But when I measure from the right hand edge of the name badge to the center segment I get 6 3/4". Whoa, wait a second! There is a 2 1/2" difference? Seriously?
So if I put tape on the edge of the eyebrow and measure to the first segment line I get 7 1/4".
However measuring from the left I get 6 1/8". We don't need no stink in measuring tools! No one will ever notice it! Looks good from my house!
Oddly in 1961 the boys at the Factory in Ohio were putting out some of the best built Airstreams they had and would manufacture. The quality in this time period is the best it would ever be. The attention to fit and finish was very important. The intersections of panels all over this trailer is virtually perfect. The back window however was put in just a little off center. It took 54 years for some guy, sitting eating his lunch to notice things are just a little askew.
In my continuing series of the vendors who make my life better, I want to high light National Lumber. In all honesty doing business with National is a no brainer for me. National Lumber is what going to the hardware store used to be like before the big orange box and giant blue rectangle came onto the scene. BTW, I will be attending that Bull Roast on May 7. I would not miss it for anything.
Since 1919 National Lumber has been selling contractors and home owners everything they might need to build or maintain any structure. 20 years ago, place like National were the norm. Then the big box hardware vendors popped up. People forgot about the stores that built their communities and were drawn in by a giant store where everything is easily seen and where the prices appear low. What they gave up however is service, knowledge, and a person who actually wants to keep their job. Most think they are saving money. I don't agree.
Every time I walk into National, Ryan welcomes me. Ryan runs the retail desk. Something I like about Ryan is he knows his stuff. He is more than willing to help and if he does not know, he will find out and get back to you. He also gets to hang out with the pocket knife case. A real hardware store always has a knife case. A display of every possible hammer is an added bonus.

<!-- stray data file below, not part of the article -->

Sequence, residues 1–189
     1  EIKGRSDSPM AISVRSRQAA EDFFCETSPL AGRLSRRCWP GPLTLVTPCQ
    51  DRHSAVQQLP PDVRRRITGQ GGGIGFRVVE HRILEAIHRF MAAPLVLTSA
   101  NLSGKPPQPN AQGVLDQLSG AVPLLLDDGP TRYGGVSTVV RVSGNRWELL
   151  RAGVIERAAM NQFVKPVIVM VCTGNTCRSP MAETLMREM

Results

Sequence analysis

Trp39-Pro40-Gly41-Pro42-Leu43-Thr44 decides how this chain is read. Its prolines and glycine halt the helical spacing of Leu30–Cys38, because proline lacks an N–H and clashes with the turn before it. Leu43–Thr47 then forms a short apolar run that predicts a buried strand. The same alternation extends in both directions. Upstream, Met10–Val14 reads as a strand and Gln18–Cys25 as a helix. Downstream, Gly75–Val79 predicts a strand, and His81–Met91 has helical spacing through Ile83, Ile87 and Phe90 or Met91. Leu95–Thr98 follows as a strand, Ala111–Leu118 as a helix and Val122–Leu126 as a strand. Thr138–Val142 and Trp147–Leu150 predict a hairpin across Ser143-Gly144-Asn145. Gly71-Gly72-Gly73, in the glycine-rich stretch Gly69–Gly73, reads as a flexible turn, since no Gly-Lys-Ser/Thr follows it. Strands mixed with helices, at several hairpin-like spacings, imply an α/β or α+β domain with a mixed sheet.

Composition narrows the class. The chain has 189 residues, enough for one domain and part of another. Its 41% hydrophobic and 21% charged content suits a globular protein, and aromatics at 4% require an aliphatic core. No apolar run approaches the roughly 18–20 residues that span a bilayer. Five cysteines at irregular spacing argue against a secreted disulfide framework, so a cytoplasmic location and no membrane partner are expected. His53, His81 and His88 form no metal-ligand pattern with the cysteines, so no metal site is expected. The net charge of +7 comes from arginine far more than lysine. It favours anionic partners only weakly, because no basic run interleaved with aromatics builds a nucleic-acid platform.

In the back is the contractor desk. Normally this area is as busy as Command Central in Houston. The phones are ringing like a PBS telethon. Salesman are quickly throwing together orders so that the community can continue to be built. From this desk building materials are being ordered, to be trucked as far as Central Virginia. Something a contractor must have; a good materials supplier. National is one of the best. Not the biggest, but very excellent service and quality materials.
I hear people say that they prefer the orange box because of the selection. I prefer to come here since I will find that weird screw, bolt, or plumbing item I need. If I cannot find it, Ryan will. If he does not have it, he will get it in for me.
They have signs at the blue rectangle. They don't have this kind of selection.
Uhm, right handed, left handed? Uhm.. I don't know what you mean...
Yeah, we got that profile...
"My man!.. Let me get that for you. I'll be right back"
You need block? Gravel? Bank sand? Pea or crushed gravel?
Doors, windows kerosene? God Bless America and for the sake of your fellow man, BUY AMERICAN!
And miles of lumber on the level.
This is the difference between a big box store and a builders supply. Coming here is a no brainer...